The economic storm that is upon us

Meteorologists tell us that global warming has created new problems for forecasters. Hurricanes are not only getting stronger, they are intensifying faster than ever before, making it difficult to warn communities in advance of their path. In particular, authorities in Lee County, Florida, waited for definitive evidence that Hurricane Ian was going to hit them hard before ordering an evacuation, and by then it was too late for many.

Is something similar happening with economic policy? I recently wrote about the growing buzz among economists and businesspeople that the Federal Reserve, which has been trying to slow down the economy to fight inflation, is hitting the brakes too hard. Since then, the rumors have intensified. And I am increasingly convinced that, despite the disappointing inflation report and what still looks, by some measures, like a strong labor market, the Fed is falling behind. I would say now that we are starting to see the effects of the interest rate hikes that the Federal Reserve has been making since the beginning of this year. No matter what the data on inflation and employment say right now; There is already a large reduction in inflationary pressures underway, as well as a large drag on production and employment. As some business analysts like to say, the economy could be “turning around.” And the risks that a strong currency policy poses to financial stability and the global economy in general are increasing.

Part of the problem is that the Fed hasn’t done for a long time, actually since the early 1980s, what it is doing now: tighten monetary policy to fight inflation. And some analysts may have forgotten an important lesson from the monetary policy of the old days; namely, that a considerable period must elapse before higher interest rates translate into an economic slowdown or a decrease in the rate of inflation.

Let’s think about how Federal Reserve policy affects the real economy. One of the main channels is housing. The increase in rates causes a reduction in the demand for houses, which leads to a drop in construction; As income from home construction declines, demand for other goods declines, with consequences rippling through the economy as a whole. But all this takes time. Indeed, the Federal Reserve’s rate hikes have caused a sharp drop in applications for building permits. However, construction employment hasn’t even started to decline yet, presumably because many workers are still busy finishing houses they started when rates were lower.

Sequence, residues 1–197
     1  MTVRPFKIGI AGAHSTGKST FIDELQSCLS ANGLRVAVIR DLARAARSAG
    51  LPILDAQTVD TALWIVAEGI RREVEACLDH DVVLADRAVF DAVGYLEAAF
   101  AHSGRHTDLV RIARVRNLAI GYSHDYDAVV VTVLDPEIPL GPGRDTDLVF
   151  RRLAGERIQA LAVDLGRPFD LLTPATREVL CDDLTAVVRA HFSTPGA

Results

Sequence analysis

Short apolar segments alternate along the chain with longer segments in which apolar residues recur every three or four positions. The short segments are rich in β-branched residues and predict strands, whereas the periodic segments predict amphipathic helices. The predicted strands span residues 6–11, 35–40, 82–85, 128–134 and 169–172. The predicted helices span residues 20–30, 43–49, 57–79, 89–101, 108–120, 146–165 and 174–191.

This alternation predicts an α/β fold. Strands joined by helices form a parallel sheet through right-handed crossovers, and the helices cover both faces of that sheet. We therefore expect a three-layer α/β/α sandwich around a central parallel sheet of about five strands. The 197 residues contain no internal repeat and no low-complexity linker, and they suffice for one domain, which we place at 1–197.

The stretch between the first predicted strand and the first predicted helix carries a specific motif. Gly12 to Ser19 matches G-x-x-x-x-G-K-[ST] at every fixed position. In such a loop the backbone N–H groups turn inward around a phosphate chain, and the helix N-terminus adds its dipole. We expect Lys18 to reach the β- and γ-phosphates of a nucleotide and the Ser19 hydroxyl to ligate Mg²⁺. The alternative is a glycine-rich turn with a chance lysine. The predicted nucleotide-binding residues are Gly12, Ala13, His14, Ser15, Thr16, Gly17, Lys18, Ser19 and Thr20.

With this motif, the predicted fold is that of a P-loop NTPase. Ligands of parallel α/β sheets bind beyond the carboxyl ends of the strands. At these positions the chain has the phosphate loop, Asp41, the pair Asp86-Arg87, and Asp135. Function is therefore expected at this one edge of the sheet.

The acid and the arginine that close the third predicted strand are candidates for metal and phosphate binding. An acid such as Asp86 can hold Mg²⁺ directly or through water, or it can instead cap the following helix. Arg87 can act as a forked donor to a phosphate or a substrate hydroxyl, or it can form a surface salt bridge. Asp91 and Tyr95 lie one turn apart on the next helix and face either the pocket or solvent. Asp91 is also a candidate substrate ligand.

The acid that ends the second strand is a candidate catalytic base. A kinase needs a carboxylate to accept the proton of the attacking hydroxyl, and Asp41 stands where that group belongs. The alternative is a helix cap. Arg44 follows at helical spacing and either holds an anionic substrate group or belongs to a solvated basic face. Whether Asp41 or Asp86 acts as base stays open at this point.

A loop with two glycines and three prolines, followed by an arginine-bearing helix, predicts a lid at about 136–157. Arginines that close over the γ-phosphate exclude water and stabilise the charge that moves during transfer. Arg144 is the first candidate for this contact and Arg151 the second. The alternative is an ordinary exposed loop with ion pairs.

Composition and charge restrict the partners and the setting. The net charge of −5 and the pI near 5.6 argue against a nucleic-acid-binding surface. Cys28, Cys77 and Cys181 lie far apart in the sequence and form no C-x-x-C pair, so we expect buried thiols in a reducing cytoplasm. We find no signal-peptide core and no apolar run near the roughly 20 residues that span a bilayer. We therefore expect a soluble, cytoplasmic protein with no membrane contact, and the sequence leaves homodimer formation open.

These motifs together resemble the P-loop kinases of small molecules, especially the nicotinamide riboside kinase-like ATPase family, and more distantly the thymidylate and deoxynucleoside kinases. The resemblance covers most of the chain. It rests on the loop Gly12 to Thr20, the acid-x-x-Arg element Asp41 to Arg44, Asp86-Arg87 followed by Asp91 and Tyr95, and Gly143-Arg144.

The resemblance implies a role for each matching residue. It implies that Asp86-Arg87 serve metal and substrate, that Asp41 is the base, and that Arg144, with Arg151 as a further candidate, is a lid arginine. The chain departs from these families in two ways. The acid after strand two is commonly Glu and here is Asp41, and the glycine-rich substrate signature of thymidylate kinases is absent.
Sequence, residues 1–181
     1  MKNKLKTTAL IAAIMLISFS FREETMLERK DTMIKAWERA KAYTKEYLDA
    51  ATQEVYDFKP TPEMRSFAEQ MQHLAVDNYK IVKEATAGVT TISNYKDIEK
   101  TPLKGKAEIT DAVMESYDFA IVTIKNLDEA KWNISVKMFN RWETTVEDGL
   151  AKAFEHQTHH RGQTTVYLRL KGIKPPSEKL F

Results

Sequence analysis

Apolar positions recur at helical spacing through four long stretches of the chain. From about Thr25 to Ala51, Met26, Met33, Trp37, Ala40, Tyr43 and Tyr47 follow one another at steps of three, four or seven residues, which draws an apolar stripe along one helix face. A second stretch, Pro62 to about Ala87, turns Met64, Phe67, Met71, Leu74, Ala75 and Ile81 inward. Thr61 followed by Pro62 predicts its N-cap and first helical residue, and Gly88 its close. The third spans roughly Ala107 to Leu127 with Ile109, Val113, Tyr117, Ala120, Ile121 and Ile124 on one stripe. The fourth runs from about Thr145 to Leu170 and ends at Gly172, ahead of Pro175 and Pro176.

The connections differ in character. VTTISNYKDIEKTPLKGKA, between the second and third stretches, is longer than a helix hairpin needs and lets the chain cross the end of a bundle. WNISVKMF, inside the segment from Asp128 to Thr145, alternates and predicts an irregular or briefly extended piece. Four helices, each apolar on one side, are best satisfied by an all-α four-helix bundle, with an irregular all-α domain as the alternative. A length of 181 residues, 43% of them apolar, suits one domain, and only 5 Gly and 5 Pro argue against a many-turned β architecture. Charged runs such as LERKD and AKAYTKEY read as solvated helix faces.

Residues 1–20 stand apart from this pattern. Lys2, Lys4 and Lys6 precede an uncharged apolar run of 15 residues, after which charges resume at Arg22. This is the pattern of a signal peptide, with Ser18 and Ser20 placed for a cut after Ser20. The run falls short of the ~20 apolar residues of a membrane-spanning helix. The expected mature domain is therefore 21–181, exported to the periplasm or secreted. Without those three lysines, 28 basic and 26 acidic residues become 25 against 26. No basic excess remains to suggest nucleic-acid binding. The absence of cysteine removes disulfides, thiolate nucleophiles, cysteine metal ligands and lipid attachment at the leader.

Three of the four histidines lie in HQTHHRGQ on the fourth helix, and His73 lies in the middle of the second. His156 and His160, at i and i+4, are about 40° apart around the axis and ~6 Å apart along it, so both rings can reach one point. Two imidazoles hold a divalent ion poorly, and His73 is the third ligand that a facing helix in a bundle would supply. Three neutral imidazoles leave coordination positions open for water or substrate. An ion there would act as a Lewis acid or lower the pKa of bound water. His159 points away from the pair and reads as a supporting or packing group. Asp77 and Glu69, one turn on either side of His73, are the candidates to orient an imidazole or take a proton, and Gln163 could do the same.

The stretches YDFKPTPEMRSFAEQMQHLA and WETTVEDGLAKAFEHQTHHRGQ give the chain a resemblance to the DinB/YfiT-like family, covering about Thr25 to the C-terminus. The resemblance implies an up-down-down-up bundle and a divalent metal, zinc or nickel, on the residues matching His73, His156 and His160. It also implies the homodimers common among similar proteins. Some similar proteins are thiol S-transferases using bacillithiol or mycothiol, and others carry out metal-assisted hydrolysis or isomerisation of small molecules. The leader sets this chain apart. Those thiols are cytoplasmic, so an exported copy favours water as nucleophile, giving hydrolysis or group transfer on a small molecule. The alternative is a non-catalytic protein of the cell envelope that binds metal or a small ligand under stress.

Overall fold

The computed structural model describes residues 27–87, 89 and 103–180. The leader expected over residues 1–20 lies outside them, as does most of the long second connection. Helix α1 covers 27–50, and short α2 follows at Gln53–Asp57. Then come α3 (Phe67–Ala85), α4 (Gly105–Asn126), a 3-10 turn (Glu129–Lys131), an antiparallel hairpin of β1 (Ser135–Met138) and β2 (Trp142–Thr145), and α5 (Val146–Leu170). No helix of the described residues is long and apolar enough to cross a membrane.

The other main channel through which the Federal Reserve affects the economy is through the value of the dollar. A strong dollar makes US products less competitive in world markets; the fall in exports and the increase in imports will end up being a major economic drag. But it takes time to switch to new providers, so we won’t really notice its impact until next year.

In short, current inflation and employment basically tell us about the past; we must analyze other data to glimpse the future. For example, a new report shows that unfilled job openings fell sharply in August. Why is this information important? Many economists, especially those who have been warning of the persistence of inflation, maintain that the rigidity of the labor market is better measured by the relationship between job offers and unemployment than by the unemployment rate itself. But this proportion, although still high, has already dropped considerably; as Goldman Sachs points out, nearly half the gap between jobs and workers has been closed in recent months.

Another new report shows that demand for flats has stagnated, which will eventually translate into slower rental growth, which is essentially what drives official estimates of the cost of housing, a key component of most measures of core inflation. Another thing: remember all those supply chain problems that disrupted the economy and pushed up inflation a few months ago? Well, the cost of shipping a container across the Pacific, which was $20,586 in September 2021, is now $2,265.

I would argue that these indicators tell us that the Federal Reserve has already done enough to ensure a decline in inflation, but also, quite possibly, a recession. Am I completely sure of what I say? Of course not. But monetary policy always involves risk compensation. And the risk that the Fed is doing too little appears to be rapidly diminishing, while the risk that it is doing too much is rising.

And add the risk of a financial crisis. The recent turmoil in the UK bond market was domestic in origin, but it may still be a harbinger of possible chaos stemming from rapidly rising interest rates. We don’t want the financial markets to dictate the Federal Reserve’s policy, but that doesn’t mean the Federal Reserve should ignore financial dangers.

We don’t want the Federal Reserve doing what Lee County did and refusing to act on warnings of an economic storm until all the uncertainty is gone.

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